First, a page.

Day drops the hammer

JOSE RODRIGUEZ

, Last Updated: 7:41 AM ET

A pair of wobbly teeth will forever serve as a reminder to Alberta farmboy Jason "Dooms" Day of his first date in the cage.

"We had these roadhouse rumbles which were like small shows in a bar," recalls the Lethbridge-area scrapper, who will make his UFC debut in Montreal on April 19.

"Right after intermission it was my turn to go on and the guy dropped me with the first punch and knocked a couple of my teeth loose. After I fell, the guy got on top of me and gave me a couple of shots that jolted me back (into consciousness)."

Day finished the two-round battle by outwrestling the striker. He got the nod on the judges' scorecard but it was more than the taste of blood and victory that cemented Day to the sport.

"I had a big fat lip after and all the chicks loved it. So I thought, 'I have to stick with this.' "

The 28-year-old had been quietly building a reputation as a solid scrapper for Canadian-based promotions like TKO and King of the Cage for the past three years, but his stock soared following his win over former UFC middleweight contender David Loiseau in a Hardcore Championship Fighting bout last month.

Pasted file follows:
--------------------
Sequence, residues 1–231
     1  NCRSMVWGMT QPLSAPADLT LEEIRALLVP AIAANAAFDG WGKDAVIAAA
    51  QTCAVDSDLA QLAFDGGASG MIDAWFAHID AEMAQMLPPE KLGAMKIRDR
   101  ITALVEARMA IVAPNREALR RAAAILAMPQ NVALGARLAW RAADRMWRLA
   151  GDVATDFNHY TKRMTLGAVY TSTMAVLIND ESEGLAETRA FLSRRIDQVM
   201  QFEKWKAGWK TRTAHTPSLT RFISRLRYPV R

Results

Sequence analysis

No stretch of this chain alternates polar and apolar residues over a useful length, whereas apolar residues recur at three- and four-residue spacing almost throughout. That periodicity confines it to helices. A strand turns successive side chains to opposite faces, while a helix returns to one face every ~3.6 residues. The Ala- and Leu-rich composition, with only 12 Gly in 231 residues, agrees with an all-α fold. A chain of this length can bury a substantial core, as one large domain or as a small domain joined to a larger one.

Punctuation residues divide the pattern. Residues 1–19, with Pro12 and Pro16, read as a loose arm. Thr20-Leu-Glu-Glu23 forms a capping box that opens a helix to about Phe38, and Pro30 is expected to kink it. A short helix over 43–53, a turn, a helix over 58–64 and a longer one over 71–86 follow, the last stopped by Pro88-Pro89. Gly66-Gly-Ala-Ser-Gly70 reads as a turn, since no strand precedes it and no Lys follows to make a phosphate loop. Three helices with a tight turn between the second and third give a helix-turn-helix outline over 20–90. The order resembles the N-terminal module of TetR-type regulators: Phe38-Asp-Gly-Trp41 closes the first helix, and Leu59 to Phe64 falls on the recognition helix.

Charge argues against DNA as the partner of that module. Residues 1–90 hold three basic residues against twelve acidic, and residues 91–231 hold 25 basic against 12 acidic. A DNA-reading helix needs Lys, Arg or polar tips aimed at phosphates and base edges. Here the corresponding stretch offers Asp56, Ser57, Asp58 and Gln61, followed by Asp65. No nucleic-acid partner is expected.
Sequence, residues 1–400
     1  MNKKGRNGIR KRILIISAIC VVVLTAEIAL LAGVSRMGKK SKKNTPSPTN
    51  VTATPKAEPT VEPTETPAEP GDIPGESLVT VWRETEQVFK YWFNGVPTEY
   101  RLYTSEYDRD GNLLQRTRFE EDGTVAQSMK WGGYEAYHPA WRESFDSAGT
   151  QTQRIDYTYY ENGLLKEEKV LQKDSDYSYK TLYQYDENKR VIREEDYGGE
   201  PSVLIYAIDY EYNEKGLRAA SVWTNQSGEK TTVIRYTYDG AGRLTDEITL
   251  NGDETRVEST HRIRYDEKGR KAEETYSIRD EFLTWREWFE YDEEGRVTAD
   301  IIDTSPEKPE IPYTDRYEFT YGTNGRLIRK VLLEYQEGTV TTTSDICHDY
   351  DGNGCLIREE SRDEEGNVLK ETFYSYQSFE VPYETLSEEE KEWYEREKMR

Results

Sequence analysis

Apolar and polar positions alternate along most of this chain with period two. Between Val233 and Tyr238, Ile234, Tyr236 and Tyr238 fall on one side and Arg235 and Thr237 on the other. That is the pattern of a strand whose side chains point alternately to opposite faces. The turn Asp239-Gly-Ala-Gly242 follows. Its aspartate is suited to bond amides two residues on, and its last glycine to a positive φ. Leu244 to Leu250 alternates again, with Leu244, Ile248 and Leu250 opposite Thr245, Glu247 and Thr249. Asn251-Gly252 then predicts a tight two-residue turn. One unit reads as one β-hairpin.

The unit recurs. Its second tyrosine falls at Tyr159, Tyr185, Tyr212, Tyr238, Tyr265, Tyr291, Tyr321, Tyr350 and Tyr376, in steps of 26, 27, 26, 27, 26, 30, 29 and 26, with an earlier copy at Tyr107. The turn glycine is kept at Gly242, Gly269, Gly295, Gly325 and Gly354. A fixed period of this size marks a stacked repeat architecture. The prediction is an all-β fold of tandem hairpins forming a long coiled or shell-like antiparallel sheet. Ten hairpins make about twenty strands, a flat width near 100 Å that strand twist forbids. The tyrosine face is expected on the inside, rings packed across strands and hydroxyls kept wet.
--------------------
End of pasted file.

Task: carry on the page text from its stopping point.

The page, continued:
'HUGE' WIN

So when veteran UFC scrapper Patrick Cote was forced to pull out of the Montreal fight due to an injury, UFC matchmaker Joe Silva knew who to call.

"If I hadn't won that fight, the UFC would have probably called Loiseau instead of me, so that win was huge," he says.

Day will make history next month as the UFC holds its first Canadian card in front of a sellout crowd at the Bell Centre.

The bright lights of the big time are a stark contrast to his humble childhood on the family ranch.

"It's kinda crazy. I grew up on a farm in the middle of nowhere," says Day, who has a pro record of 16-5.

He attended a high school with 300 students where he excelled in sports, but didn't take up fighting until he was out of school.

"I was quiet. Didn't get into any trouble. A typical farmboy, but I got straight As.

"My parents still can't figure it out. I was supposed to be the doctor and my brother wasn't. Now, he's a month away from being an optometrist and I'm a month away from being in the UFC. Somewhere down the line something happened."

Day admits at this stage in his career, fighting is not his full-time job.

BUILDS HOMES

"It doesn't pay the bills yet -- not even close," he says.

In his other life, Day is a full-time homebuilder in a company he co-founded with his parents.

"I do everything from the architectural, to the hammer and nails stuff," he says.

But Day will be spending a little less time working and a little more time working out as he prepares to take on UFC vet Alan Belcher in Montreal.


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